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If author Mathew B. Crawford attended Austin’s Handbuilt Motorcycle Show this past weekend, I didn’t see him. But his observations on doing skilled work with skilled hands, documented in his best-selling Shop Class As Soulcraft, would have been more than validated by the work on display just east of downtown Austin, organized and promoted by Austin’s Revival Motorcycles.


Of course, in the beginning all motorcycles were ‘hand built’, and a handful of one-offs and low-volume production bikes remain that way. In most instances, however, motorcycles are built by the Hondas, Yamahas and Suzukis (and yes, even Harleys) in the same way those factories would build refrigerators. And with enormous volumes of data analyzed by product planners before a design is finalized and put into production, the end result is – not surprisingly – appliance-like in both its design and execution.

Happily, that’s not the case when hand built – or Handbuilt. The show, held in conjunction with the weekend’s MotoGP at Austin’s Circuit of the Americas, is a celebration of motorcycles as art; Of course, it’s been done before, most notably and visibly by the Guggenheim Museum. But at its core, the Guggenheim exhibition was a relatively static forum of motorcycling’s past and present, while the Handbuilt, although not dismissing the importance of motorcycling’s past, speaks better to motorcycling’s future. Even those bikes commemorating motorcycle history, including a vintage Crocker, a café’d Velocette and – straight from someone’s Depression-era County Fair – an honest-to-God Wall of Death served only as background for a look into a very real tomorrow. None of the bike’s on display – even the old bikes – rekindled a father’s or grandfather’s past, as the energy level was too high and the number of 20-something faces too many.

Two hours before the show’s opening, Austin’s East 5th was crowded with a variety of machines, from contemporary Bonnevilles and Scouts to track-oriented Harley V-Twins. Standing out from the outdoor lineup were two of the smallest bikes, both built by micro-maker Janus Motorcycles. With its ‘manufacturing’ site in Goshen, Indiana, the Janus – with two variations, both powered by a Chinese produced, Honda-based single – are built in batches of thirty. And everything, with the exception of the powerplant, is built by hand in Goshen, including the frame, tank and suspension. Although we didn’t ride either the café-oriented Phoenix or hardtail Halycon, both represent compelling propositions for either the seasoned cyclist or about-to-be-seasoned newbie.

As Janus’ marketing material indicates, the Halycon “honors designs from American motorbiking’s golden age. A lean and long tank design, full-grain saddle seat, leading-link front suspension, and a powerful 250cc single-cylinder engine create a sense of connection with the motorcycle and road not found in any other production motorcycle today.” That ‘connection’ with the road is helped immeasurably by the Halycon’s hardtail frame. Again, although having not ridden it the spec suggests you’ll have all the connection with the road you’d ever want after but 30 minutes on the bike in most of America’s cities.

While the Halycon is a hardtail, the café-inspired Phoenix is – perhaps – more hardcore. Evoking a period take on the café racer romp, the Phoenix profile is mildly reminiscent of those bikes parked in a storage shed behind a Liverpool rowhouse, and which we’d find completely perfect in the living area of an Uptown Dallas condo. These are bikes able to fit onto any sidewalk, and while two-up acceleration may be leisurely I can’t imagine a better social medium.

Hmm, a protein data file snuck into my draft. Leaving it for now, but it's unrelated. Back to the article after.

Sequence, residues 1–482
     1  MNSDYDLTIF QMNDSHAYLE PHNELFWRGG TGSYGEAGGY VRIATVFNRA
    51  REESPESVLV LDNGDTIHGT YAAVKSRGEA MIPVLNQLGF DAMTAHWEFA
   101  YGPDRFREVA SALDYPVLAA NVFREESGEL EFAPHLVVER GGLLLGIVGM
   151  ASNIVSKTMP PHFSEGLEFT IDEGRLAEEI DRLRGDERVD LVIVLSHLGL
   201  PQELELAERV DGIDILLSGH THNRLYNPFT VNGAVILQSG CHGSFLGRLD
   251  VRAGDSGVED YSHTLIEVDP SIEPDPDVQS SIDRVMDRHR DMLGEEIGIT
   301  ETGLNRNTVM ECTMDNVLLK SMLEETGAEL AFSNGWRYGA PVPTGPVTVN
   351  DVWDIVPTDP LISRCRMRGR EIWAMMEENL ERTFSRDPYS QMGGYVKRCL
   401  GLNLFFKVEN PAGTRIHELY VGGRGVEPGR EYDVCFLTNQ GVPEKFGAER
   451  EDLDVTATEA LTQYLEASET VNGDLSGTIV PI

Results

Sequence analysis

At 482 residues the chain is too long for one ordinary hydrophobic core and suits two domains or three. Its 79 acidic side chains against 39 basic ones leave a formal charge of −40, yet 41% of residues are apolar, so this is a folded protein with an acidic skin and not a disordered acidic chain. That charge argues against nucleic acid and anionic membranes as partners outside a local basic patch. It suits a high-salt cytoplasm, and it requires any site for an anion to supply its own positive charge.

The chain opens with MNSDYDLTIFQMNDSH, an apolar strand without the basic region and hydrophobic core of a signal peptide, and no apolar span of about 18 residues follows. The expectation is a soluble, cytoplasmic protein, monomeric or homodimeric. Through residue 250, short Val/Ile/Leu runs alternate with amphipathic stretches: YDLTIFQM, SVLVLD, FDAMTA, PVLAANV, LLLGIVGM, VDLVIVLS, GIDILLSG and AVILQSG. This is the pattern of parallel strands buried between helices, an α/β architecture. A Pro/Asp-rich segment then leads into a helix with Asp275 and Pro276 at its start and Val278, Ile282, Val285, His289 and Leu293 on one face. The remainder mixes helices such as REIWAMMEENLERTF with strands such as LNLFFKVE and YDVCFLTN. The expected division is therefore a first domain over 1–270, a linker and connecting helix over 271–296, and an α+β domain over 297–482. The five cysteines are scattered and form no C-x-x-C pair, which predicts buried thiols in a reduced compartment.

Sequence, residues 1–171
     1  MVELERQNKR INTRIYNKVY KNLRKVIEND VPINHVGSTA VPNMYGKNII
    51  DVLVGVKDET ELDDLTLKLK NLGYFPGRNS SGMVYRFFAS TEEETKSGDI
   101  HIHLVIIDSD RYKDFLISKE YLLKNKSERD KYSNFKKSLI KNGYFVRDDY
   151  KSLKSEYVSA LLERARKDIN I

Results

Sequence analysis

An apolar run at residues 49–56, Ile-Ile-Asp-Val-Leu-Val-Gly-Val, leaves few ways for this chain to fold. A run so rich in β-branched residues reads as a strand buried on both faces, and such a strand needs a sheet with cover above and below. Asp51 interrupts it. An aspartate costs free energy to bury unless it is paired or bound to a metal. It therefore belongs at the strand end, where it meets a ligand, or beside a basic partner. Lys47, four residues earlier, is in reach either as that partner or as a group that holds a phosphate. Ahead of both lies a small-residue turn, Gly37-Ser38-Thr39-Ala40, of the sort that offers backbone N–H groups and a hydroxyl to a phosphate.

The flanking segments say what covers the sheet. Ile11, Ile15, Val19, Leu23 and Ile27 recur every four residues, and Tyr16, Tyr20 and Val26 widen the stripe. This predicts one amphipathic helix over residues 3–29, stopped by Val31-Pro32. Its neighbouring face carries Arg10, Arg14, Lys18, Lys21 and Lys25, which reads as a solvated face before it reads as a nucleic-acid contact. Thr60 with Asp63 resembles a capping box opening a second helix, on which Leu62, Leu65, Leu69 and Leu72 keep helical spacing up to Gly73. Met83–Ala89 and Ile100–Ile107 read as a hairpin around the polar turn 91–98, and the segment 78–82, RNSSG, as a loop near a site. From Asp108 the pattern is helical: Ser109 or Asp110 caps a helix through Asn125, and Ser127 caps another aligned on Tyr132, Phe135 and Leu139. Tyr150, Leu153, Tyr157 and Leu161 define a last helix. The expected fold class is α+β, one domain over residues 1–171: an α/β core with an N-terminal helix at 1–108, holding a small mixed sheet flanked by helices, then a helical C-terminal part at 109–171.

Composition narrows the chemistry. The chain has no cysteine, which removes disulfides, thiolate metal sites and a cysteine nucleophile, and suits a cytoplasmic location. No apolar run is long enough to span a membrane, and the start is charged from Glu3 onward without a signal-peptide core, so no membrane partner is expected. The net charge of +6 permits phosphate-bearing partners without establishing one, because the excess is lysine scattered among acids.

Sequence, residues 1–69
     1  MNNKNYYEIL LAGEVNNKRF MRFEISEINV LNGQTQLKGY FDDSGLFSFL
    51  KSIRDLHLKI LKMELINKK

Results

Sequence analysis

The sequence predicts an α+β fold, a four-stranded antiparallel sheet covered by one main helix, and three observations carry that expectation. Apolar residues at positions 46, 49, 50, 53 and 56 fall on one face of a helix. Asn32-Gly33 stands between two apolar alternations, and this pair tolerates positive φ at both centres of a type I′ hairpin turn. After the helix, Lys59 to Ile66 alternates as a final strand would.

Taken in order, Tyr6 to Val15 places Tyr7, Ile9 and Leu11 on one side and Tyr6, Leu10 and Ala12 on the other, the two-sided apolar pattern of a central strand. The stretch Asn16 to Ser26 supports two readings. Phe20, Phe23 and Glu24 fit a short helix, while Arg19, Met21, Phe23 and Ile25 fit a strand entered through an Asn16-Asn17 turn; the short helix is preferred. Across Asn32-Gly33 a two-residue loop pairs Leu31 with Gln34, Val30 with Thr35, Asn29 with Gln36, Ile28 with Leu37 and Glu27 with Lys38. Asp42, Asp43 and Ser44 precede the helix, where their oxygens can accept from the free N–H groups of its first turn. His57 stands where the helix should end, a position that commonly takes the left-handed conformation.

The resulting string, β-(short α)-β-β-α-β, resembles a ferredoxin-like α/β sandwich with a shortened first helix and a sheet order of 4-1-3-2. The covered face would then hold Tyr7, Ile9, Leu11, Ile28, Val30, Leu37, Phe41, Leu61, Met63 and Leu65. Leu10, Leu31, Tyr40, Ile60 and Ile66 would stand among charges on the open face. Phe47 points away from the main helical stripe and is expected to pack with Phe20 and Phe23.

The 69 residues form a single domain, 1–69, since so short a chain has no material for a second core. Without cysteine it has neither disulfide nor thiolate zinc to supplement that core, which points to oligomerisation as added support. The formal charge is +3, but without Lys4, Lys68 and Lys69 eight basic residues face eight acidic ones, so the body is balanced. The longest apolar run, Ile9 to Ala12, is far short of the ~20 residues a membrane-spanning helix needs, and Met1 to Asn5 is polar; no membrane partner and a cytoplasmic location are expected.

More mature and – he’d admit – more expensive are Walt Siegl’s inspired takes on Italian motorcycles. On display were Siegl’s Ducati-based Leggero and MV Agusta Bol d’Or. Siegl, an Austrian, has set up shop in New Hampshire, where his low volume ‘production’ of Ducati-based sportbikes boast an intensely scratch-built vibe, without the crude detailing that is often implied when ‘scratchbuilt’. A regular feature on Bike EXIF, the two Siegl efforts were almost singular in their purposeful expression of on-the-road performance, without diluting in any way the makers’ original intent. We don’t have a clue as to what Siegl charges for his efforts, but either the Duc or MV would be worth a second mortgage…or the broken kneecap.

Among a smorgasbord of highlights were the V-Twin (and alloy-bodied) Ardent, the XT 500 Yamaha from Moose Racing, a Kawasaki from builder Magnum Opus, an absolutely awesome Norton 850 and Revival Cycles’ BMW-powered streamliner. BMW Motorrad was a sponsor of the show, and whether it was their vintage R71 or new R nine T-based Scrambler, their corner display beautifully (and forcefully) underscored the importance of a cottage ‘handbuilt’ industry to the volume OEMs. After all, how else can you stay ‘wild’ when – for years – you’ve been publicly traded?

Finally, this from Triumph enthusiast Bob Dylan:

May your hands always be busy
May your feet always be swift
May you have a strong foundation
When the winds of changes shift
May your heart always be joyful
And may your song always be sung
May you stay forever young…
May you stay forever young.

Both David Boldt & Alan Pease Contributed

David Boldt

More from David

Alan Pease

More from Alan

David Boldt

Boldt, a contributor to outlets such as, Kelley Blue Book and Autoblog, brings to his laptop some forty years of experience in automotive retail, journalism and public relations. He is a member of the Texas Auto Writers Association, Chicago's Midwest Automotive Media Association and L.A.'s Motor Press Guild. David is the Managing Editor of txGarage and the automotive contributor to Dallas' Katy Trail Weekly.

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